‘King of Beasts’: Film Review

Tomer Almagor and Nadav Harel’s wildlife-themed documentary ‘King of Beasts’ world-premiered at the Oldenburg International Film Festival in northern Germany.

Oscar Wilde pithily dissed fox-hunting as “the unspeakable in pursuit of the uneatable,” a withering dismissal which might apply to those 21st century big-game hunters who can be seen grinningly posing with their kills across social media. Seeking to go beyond the outrage such images — particularly those commemorating the killing of famous Zimbabwean lion “Cecil” in 2015 — regularly stoke, Tomer Almagor and Nadav Harel’s King of Beasts is a deliberately disturbing documentary portrait of one lion-killer who genuinely believes he’s doing the species (and their human neighbors) a big favor.

World-premiering at Oldenburg in northern Germany, this American production is a more mainstream-oriented and conventional affair than Ulrich Seidl’s clinical, widely screened Safari (2016), which dealt with similar subject matter. With relative newcomers Almagor and Harel lacking the cachet of Seidl’s name, however, this up-close-and-personal immersion in a world many actively avoid experiencing in any way will likely fare best at non-fiction festivals and via small-screen exposure.

The Bottom Line

Unblinking look at a roar deal.

The directors are careful to be even-handed in their portrayal of their main protagonist Aaron Neilson, a burly thirtysomething dude with bulging tattooed muscles and what he himself describes as an “A-type personality.” Working as a hunting guide in Colorado, Neilson — whose living room she shares with several stuffed big cats, diorama-style — clearly lives for his trips to Tanzania, where he goes after his prey with steely determination and considerable patience.

Indeed, the actual moments of violent death in King of Beasts are few and far between: First to bite the dust is a buffalo, just before the half-hour mark, whose carcass provides dinner for Neilson, his safari companeros and their entourage of paid native servants, and also serves as bait for the crew’s bigger targets. A hippo is also slain for the latter purpose, setting us up for the climactic encounter with the king of the jungle, an “old lion” who shows up just after the hour mark, and whom Neilson goes after using the old-school method of bow and arrow.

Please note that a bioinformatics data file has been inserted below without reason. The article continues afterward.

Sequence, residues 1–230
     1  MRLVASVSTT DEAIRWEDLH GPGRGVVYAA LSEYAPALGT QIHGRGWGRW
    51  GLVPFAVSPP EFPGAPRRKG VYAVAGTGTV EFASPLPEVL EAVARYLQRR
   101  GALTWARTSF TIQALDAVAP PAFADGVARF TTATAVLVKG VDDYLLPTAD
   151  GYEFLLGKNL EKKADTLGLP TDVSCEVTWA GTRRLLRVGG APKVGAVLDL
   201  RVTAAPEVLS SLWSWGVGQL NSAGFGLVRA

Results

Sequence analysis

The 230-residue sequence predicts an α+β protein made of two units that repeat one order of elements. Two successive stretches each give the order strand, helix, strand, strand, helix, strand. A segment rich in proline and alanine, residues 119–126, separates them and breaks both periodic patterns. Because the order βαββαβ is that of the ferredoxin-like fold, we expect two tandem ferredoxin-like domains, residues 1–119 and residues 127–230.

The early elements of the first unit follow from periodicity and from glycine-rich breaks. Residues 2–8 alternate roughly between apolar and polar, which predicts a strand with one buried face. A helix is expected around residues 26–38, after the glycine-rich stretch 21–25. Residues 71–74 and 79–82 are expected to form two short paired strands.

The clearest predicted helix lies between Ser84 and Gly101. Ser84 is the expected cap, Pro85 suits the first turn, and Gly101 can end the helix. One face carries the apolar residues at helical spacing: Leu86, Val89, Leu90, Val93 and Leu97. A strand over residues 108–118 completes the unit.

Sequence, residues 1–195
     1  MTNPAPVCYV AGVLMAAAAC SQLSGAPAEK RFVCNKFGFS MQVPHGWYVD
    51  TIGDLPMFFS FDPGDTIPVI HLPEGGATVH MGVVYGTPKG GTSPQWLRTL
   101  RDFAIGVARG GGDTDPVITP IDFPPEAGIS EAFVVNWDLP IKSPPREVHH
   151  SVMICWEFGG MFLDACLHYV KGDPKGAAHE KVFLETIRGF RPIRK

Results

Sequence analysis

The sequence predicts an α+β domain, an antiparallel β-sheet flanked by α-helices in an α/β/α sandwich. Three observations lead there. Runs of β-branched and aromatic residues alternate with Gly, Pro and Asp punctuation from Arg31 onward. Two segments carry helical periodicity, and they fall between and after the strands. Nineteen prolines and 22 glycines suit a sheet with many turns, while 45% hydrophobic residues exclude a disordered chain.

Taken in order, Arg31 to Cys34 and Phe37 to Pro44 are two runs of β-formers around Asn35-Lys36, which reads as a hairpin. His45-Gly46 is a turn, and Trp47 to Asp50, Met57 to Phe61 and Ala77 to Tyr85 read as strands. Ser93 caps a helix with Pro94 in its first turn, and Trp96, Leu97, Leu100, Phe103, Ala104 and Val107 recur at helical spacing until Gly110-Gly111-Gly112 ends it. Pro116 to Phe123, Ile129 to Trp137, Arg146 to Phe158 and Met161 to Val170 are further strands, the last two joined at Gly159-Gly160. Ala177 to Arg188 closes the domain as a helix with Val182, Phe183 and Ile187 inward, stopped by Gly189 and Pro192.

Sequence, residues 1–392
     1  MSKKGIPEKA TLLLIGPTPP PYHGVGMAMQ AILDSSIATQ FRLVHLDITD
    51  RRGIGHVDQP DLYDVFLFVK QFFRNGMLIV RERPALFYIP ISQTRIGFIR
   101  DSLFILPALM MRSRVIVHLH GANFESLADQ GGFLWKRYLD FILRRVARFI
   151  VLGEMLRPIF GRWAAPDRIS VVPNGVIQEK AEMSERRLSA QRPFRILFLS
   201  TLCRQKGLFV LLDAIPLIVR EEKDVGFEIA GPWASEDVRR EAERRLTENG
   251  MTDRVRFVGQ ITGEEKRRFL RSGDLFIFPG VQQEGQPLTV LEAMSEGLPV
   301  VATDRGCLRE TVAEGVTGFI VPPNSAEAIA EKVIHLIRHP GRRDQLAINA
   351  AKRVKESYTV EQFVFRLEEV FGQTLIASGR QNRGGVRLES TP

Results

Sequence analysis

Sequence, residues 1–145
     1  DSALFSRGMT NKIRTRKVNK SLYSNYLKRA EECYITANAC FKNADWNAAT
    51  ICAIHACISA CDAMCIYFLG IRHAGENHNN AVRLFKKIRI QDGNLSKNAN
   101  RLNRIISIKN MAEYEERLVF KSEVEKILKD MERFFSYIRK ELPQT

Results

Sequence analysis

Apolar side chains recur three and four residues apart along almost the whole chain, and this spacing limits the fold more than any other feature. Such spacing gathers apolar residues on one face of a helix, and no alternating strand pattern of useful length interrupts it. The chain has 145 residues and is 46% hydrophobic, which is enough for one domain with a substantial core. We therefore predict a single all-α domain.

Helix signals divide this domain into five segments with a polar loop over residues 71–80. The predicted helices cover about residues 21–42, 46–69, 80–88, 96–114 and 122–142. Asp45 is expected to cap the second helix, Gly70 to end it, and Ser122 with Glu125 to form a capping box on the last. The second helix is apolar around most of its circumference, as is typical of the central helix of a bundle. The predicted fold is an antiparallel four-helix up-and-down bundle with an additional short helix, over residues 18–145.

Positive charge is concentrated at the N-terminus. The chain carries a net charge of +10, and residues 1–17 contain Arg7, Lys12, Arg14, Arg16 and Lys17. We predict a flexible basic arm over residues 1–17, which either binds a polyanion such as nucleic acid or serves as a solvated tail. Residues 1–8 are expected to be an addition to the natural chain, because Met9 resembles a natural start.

As well as shedding light on the mechanics of safari hunting — which involves a lot of patience, waiting and downtime — King of Beasts illuminates as an exploration of masculine self-image (Neilson evidently sees himself as heroic and Hemingway-esque) and of how macho hombres engage with each other in close-quarters situations. One of Neilson’s party is a greenhorned younger fellow mainly employed to flatteringly record Neilson’s exploits for posterity via video in a series of carefully staged tableaux.

The main ethical risk run by the directors is that the simple fact of their having chosen Neilson as their subject will bolster his self-regard and contribute to the way he validates and justifies his own activities. They maintain a fly-on-the-wall neutrality, observing silently as Neilson and his buddies explain what they see as the economic and ecological justifications for actions many would condemn as cruelly repugnant.

A final title-card does adopt an unambiguously negative stance, however (the film is, after, all, “made with the support of the Humane Society of the USA”). Almagor and Harel indict Neilson and his ilk for “exacerbating the problem” by exploiting the relative poverty of economically downtrodden places such as Tanzania that welcome such free-spending foreign visitors with open arms.

Edited by Harel down to a no-nonsense 85 minutes and abounding in sharply telling juxtapositions and transitions, King of Beasts — like the majority of documentaries these days — musically gilds the lily at times. There are moments when Simon Taufique’s music threatens the comprehensibility of the dialogue, others where it seeks to amp up the tension of events depicted with counterproductive results. But this is otherwise a work of admirable journalistic seriousness, one that goes about its business with a clear-eyed precision that even Neilson and his chums should grudgingly respect.

Production companies: Creative Monster Productions, Noprocess Films, Pride Games, Urban Tales Productions
Directors: Tomer Almagor, Nadav Harel
Producers: Bryan Gambogi, Gabrielle Almagor, Mark Steele, Tomer Almagor
Cinematographer-editor: Nadav Harel
Composer: Simon Taufique
Venue: Oldenburg International Film Festival
Sales: Gravitas Pictures, El Segundo, California (scott@gravitasventures.com)

In English, Swahili
85 minutes